Never doubt that a small group of people can change the world. Indeed, it is the only thing that ever has- M.M.
Monday, February 28, 2011
The Girl Who Smiled
The 17-year-old girl smiled as I walked into her brightly multi-colored room two weeks ago.
“When I heard you were coming I was happy,” Taylor said.
Her face had turned three shades darker than her complexion. Her cheeks were dotted with dark pimples. Her eyes were yellow. The quiet and shy girl wore a simple blue dress with a long-sleeved white shirt and white pants. She wore a bluehijab, or a headscarf.
Suddenly she got up, unplugged the chords from the wall that held tubes of saline, and slowly crept off the hospital bed. She had to use the restroom. She reappeared with a curious face when the doctor came to tell us of her diagnosis.
The doctor’s hair was short, and she spoke rapidly. Her eyes darted from one person to the other in the hospital room. There were six of us. The doctor, my parents, Taylor, her mother and I. My mother was the translator and my father and I had gone to visit.
The doctor began explaining Taylor’s illness...If Taylor received a cut it would take longer to heal than a normal person, she said.
“What does that mean?,” my mother and I wanted to know.
“It is liver failure,” the doctor said. “We are not sure what will happen. If her liver is stable we may be able to treat her as an outpatient.”
My mother and I asked her what would happen if she didn’t get better?
In worse case situation she may need a liver transplant, said the doctor, but she didn’t want to speculate. There were more blood tests to be done, and Vitamin K to be taken.
We hoped for the best.
My mother looked at me. I looked at her. “You tell them,” she said to me, indicating to Taylor and her mother who were waiting for the news. I recycled the information in my mind. I wanted to comfort the ill without lying. All we knew for certain was the liver failure.
It’s nothing…I began. She is just sick and her liver isn’t working as well as it is supposed to, I said. My eyes roamed the room and fell onto Taylor’s mother. They will keep an eye on her, make sure she’s eating healthy and continue doing blood work. Let’s pray for the best and be patient, I said.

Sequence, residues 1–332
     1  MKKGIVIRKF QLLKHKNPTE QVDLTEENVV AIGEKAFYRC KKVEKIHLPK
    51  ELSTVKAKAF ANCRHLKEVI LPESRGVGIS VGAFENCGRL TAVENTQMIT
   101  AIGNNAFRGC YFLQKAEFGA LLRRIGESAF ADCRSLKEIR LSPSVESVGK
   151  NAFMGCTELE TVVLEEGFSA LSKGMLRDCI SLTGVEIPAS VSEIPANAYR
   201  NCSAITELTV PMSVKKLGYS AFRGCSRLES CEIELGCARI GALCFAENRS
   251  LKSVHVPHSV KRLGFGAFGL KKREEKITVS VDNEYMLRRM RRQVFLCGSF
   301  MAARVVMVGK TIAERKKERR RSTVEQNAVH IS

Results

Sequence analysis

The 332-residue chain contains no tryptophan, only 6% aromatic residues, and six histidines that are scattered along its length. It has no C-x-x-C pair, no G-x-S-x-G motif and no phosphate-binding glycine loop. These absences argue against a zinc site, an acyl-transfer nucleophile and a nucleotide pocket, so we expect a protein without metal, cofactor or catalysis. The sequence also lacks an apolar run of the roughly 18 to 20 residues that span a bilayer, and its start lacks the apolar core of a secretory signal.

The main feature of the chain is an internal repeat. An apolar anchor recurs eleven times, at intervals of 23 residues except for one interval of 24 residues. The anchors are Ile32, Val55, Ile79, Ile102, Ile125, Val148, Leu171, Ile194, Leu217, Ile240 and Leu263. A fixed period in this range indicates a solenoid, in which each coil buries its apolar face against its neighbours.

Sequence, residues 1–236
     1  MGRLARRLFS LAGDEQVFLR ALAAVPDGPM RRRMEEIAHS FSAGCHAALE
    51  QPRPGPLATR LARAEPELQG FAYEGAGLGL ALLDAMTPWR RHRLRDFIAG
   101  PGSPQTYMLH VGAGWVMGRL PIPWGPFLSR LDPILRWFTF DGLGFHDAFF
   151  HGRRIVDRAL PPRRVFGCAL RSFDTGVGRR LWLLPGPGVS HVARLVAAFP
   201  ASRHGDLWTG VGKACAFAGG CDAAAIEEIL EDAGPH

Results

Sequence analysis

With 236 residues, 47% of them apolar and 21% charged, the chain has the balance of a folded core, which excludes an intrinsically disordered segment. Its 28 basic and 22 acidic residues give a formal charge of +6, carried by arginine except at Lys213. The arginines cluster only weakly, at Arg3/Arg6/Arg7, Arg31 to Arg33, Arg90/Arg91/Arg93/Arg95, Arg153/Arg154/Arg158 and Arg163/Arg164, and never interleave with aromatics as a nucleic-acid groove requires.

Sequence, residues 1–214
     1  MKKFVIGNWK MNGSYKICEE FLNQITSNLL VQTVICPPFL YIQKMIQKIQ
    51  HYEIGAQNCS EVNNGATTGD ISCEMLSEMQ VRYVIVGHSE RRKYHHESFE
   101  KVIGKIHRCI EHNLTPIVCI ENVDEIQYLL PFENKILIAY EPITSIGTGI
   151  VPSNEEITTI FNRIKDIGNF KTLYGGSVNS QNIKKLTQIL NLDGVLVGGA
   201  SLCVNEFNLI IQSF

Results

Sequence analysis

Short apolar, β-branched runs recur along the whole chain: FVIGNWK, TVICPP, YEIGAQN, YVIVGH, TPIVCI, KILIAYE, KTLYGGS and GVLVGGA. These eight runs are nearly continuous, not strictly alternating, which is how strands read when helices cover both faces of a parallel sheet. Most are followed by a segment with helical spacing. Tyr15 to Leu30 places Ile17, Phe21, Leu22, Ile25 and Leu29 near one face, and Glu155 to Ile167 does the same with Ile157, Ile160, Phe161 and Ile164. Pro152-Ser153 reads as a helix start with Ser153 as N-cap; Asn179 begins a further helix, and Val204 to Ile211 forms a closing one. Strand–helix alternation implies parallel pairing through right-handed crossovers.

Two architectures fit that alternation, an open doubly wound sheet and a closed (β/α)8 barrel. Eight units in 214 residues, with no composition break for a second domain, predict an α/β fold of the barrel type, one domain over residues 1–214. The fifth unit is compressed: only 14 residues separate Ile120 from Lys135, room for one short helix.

Taylor’s mother’s face became tight. She wasn’t doing well.“I’m trying to keep it together,” she said, for her sake. My daughter (Taylor's oldest sister) called me. She kept telling me to smile and comfort Taylor. But it is hard, she said.
“When I got home the other night I saw my other two daughters waiting for news at home. Their faces were grief-stricken. I thought to myself, who should I please? Here I have one daughter in the hospital and two daughters at home longing for their sister. To whom should I show a happy face to and where do I go with my sorrow?,” Taylor’s mother said.
Taylor came to the U.S. about nine months ago. She is a soft-spoken person who tends to herself. She comes from a well-off family in Asia, however she is modest in her speech and her style. I have never heard her say anything bad about anyone - except to say such-and-such action is disliked in Islam and by God.
Rather than worry about others, she worries about herself, something we all struggle with.
The last time I saw Taylor before she became ill was at our house, while we discussed techniques on time management, having patience, and ways to strengthen concentration in prayer. As far as I can remember, she has always been eager to attendhaliqas,gatherings where God is mentioned, (like Sunday classes or bible study).
She is also a favorite in her high school classes, where she has been helping classmates learn the English language. She is building on her vocabulary.
Last Thursday my family (cousins and parents) and I visited Taylor. Her name was hung from a large window where the sunlight seeped into the room. A spring-colored curtain hid her from view. She had been transferred to a special hospital where doctors could monitor her liver and keep a close watch on her.
Doctors had worried she might need a transplant, however her condition was slowly improving that day. She was able to eat solid foods again.
She wore a bright pink hijab, or a headscarf, and she smiled widely when she saw us. My mom handed her a bouquet of flowers.
“Thank you so much,” Taylor said.
There were almost a dozen people in the room. Researchers asked her questions about her health, while a nurse was took several tubes of blood. A social worker stopped in to tell us her insurance was finally approved.
Alhamdulillah, thanks be to God, my father said. We should be thankful for the favors God has given us.
She smiled at the nurse, "Thank you so much," she said as her arms stretched out in a half-hug and handshake.
We all went home.
The next day Taylor stopped answering her phone. Her liver was failing. One more time.
She needed a liver transplant.
Taylor's father, who had just returned from the hospital after nearly a week with his daughter, pleaded to know what would happen next? Was there a donor? Was her name on the list? When would the surgery take place?
They didn't know. Taylor was struggling. She was fighting for her life. We supplicated. The family asked others to do the same.
God says in the Quran, "To Him We Belong and to Him We Shall Return," something Muslims say to people when they are in troubled times, or when people pass away.
The clock ticked. Everyone was getting anxious.
And then this morning a call came from the hospital. A donor has been found. Surgery will take place in a few hours God-Willing.
Moments ago her parents and siblings went to visit her. "I am so happy to see you," she said, tending to herself. What she does best.
(Edit: The names of people in this story were changed for privacy.)